Israeli Scientist Develops Technology to Diagnose Hearing Loss
An Israeli scientist at Tel Aviv University has developed a unique fast-track technology to diagnose hearing loss.
Professor Karen Avraham at TAU
Israel news photo: TAU
An Israeli scientist at Tel Aviv University has developed a unique fast-track gene-based technology to diagnose hearing loss, one that is faster and cheaper than current methods.
Professor Karen Avraham at the university's Sackler Faculty of Medicine used “exome deep sequencing” – a method which sequences thousands of genes at a time – working together in a unique collaboration with Professor Moein Kanaan from Bethlehem University.
Exome sequencing collects relevant DNA from specific sites of the body. The process was used to identify five genetic mutations leading to deafness in a population of 11 Jewish Israelis and Palestinian Authority Arabs. None were related to each other, but all had deafness in their families. This is the first time scientists have identified some of these genetic mutations in Middle Eastern deaf populations, and the first time this technology has ever been applied to these populations. The research was funded by the U.S. National Institutes of Health.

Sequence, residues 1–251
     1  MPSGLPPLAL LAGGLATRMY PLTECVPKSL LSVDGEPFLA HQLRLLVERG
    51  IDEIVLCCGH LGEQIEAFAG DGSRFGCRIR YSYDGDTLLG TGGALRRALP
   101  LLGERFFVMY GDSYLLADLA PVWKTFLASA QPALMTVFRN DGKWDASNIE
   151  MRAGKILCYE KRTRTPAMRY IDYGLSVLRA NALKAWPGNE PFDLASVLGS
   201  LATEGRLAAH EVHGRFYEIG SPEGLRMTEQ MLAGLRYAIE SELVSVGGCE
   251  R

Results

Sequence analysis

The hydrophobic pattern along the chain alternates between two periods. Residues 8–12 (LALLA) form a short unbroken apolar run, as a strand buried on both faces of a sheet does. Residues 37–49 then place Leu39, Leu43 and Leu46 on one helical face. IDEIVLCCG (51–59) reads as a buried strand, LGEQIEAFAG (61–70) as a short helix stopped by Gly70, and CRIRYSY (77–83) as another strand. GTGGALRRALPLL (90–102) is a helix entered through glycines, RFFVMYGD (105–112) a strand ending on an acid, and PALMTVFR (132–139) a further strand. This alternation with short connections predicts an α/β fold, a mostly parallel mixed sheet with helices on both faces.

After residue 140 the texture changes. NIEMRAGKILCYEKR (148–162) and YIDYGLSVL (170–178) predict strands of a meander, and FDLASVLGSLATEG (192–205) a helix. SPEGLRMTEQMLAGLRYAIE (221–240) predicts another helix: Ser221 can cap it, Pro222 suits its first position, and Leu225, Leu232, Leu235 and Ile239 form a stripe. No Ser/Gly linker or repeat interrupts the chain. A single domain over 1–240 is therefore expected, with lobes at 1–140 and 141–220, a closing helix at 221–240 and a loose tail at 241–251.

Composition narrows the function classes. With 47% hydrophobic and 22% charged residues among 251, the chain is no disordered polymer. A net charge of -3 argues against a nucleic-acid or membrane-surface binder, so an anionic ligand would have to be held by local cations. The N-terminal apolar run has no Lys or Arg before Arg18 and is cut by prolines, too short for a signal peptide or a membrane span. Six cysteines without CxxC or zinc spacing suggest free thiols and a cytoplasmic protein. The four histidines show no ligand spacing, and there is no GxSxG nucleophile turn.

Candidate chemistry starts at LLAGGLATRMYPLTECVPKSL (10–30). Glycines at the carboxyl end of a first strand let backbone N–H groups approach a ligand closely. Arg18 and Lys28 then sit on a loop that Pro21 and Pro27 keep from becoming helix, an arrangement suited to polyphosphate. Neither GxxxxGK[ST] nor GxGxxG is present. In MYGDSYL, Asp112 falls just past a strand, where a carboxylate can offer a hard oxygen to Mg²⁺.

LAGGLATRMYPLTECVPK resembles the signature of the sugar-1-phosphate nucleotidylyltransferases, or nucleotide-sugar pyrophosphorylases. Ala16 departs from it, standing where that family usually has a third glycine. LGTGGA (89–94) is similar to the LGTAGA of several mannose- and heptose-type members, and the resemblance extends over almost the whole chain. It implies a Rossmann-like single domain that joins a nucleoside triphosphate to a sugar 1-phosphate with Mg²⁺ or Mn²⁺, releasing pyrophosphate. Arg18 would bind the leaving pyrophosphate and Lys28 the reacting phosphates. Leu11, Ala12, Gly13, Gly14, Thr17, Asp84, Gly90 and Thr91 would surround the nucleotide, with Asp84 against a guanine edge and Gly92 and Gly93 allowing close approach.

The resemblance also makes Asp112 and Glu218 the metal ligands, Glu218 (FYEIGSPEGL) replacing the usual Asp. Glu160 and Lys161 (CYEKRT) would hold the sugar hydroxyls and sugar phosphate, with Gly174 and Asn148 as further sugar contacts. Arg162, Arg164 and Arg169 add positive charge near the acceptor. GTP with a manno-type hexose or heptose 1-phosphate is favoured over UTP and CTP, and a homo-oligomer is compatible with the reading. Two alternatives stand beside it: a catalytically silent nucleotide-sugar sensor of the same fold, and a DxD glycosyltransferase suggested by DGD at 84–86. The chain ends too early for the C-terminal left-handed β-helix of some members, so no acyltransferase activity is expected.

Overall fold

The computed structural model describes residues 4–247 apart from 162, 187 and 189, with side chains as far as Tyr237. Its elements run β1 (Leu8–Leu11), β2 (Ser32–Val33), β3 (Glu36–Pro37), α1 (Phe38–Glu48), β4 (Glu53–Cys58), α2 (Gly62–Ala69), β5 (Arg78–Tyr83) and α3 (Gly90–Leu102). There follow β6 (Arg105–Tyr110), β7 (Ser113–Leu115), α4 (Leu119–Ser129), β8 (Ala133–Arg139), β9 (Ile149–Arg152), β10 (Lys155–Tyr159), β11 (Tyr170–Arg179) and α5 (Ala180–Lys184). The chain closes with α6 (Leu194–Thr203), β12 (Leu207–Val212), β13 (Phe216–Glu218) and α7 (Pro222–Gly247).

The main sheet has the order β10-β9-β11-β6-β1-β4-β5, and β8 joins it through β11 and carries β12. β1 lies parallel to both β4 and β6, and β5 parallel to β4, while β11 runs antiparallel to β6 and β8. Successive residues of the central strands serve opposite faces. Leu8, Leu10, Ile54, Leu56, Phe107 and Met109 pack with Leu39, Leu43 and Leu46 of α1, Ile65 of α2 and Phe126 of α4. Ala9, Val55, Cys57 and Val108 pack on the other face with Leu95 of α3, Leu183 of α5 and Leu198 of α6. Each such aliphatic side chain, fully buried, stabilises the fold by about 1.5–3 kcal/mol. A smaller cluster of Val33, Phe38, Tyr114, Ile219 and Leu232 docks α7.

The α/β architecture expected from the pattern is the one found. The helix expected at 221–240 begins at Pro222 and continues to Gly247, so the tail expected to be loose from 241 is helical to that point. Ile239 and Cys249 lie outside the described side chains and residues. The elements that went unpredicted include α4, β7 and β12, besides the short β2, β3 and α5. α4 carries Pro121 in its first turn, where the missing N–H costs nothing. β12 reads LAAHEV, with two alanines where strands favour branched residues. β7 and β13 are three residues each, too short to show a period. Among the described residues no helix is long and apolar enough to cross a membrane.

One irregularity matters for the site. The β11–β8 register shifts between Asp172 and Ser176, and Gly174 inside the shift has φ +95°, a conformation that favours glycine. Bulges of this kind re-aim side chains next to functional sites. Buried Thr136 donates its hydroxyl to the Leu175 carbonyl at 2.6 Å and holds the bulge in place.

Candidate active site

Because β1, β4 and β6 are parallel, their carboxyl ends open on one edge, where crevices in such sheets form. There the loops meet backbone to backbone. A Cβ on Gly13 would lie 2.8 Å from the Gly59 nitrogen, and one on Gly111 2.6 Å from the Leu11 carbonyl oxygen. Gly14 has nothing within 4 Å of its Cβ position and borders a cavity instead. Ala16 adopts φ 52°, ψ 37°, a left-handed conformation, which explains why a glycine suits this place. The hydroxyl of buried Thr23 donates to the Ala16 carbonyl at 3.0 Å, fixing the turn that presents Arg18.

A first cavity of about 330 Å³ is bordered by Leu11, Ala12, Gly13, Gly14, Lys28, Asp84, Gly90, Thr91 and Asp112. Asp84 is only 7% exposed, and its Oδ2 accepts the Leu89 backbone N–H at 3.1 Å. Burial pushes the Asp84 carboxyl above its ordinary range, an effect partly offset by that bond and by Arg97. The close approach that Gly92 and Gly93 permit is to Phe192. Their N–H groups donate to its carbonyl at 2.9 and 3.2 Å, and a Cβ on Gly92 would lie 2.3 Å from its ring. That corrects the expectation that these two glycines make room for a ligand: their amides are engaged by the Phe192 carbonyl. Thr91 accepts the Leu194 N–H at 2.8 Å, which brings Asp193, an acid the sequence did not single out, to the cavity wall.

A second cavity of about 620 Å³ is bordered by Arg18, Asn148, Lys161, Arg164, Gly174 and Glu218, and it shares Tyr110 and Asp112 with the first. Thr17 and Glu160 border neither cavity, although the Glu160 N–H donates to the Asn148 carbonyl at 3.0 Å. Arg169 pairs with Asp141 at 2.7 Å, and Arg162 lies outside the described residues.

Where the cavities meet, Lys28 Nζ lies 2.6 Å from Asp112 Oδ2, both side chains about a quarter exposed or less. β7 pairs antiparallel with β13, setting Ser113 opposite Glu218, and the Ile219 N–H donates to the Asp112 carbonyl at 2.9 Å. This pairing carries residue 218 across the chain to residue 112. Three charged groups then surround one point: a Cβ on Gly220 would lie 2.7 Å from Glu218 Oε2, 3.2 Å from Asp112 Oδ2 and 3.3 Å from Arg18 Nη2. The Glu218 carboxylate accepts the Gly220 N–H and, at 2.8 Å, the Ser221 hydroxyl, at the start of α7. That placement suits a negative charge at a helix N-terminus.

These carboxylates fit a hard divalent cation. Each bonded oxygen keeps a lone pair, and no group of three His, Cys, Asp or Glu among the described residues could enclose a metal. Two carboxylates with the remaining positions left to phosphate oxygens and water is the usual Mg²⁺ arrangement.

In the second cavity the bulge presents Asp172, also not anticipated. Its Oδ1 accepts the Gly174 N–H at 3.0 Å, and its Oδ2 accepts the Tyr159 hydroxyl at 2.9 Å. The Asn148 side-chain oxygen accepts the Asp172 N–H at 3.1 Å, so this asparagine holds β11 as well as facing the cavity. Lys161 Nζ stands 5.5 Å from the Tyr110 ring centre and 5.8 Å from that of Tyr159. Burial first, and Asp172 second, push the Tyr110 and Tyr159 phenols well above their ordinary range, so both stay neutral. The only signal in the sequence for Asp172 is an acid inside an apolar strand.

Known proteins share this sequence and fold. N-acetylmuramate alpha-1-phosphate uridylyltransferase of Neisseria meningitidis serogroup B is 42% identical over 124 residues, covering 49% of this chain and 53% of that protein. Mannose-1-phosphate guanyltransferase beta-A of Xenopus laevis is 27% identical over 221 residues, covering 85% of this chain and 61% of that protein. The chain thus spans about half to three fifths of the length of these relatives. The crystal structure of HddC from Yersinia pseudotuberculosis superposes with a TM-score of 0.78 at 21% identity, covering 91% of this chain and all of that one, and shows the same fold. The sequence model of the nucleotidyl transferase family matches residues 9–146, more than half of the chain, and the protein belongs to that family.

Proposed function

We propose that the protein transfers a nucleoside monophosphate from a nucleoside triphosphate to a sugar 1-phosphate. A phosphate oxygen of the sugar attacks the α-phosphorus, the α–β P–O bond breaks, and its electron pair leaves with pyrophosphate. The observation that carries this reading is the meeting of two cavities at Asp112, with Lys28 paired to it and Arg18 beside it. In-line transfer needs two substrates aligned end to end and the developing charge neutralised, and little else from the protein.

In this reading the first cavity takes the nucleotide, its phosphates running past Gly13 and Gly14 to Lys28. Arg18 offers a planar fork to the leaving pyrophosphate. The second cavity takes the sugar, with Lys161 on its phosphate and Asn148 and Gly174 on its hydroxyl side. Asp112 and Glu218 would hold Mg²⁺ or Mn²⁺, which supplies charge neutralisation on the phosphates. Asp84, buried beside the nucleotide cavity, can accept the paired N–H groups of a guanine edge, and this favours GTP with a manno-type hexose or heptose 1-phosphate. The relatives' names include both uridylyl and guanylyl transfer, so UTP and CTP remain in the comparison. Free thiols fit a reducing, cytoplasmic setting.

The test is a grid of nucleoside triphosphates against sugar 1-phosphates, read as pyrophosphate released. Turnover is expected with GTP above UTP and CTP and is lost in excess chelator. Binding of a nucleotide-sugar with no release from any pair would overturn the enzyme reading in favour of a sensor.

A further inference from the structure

Avraham's method provides better diagnosis capabilities and can improve the quality of care for patients with hearing loss, she reported in the latest issue of Genome Biology. For less than $500, researchers can now scan all the known genes for deafness and provide results in a matter of weeks, as opposed to testing that in the past has cost many times more.
More than 28 million Americans are hearing impaired, with at least half of the cases traced to genetic causes.
The condition can be especially challenging for children who are born with hearing impairment, because spoken language, reading and cognitive development are all tied to hearing. “That makes early diagnosis essential for identifying appropriate therapy and treatment,” Avraham commented.
“It is a remarkable step forward in helping us to find treatments – and even cures – for patients,” she added. “This new technology is changing the way we practice genomic medicine, and revolutionizing genetic diagnostics.” The technology can be used to search for genetic mutations that characterize any disease or condition, she noted.
By Hana Levi Julian, MSW, LCSW-R